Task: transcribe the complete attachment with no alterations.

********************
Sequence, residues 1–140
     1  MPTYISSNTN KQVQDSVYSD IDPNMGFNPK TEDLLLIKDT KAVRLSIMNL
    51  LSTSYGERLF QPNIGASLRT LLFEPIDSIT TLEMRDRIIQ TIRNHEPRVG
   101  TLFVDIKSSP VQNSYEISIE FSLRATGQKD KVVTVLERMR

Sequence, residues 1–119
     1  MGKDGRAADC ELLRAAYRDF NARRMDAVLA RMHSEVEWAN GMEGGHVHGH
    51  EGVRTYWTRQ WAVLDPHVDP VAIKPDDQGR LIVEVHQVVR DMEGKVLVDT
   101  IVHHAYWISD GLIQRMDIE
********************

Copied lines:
Sequence, residues 1–140
     1  MPTYISSNTN KQVQDSVYSD IDPNMGFNPK TEDLLLIKDT KAVRLSIMNL
    51  LSTSYGERLF QPNIGASLRT LLFEPIDSIT TLEMRDRIIQ TIRNHEPRVG
   101  TLFVDIKSSP VQNSYEISIE FSLRATGQKD KVVTVLERMR

Sequence, residues 1–119
     1  MGKDGRAADC ELLRAAYRDF NARRMDAVLA RMHSEVEWAN GMEGGHVHGH
    51  EGVRTYWTRQ WAVLDPHVDP VAIKPDDQGR LIVEVHQVVR DMEGKVLVDT
   101  IVHHAYWISD GLIQRMDIE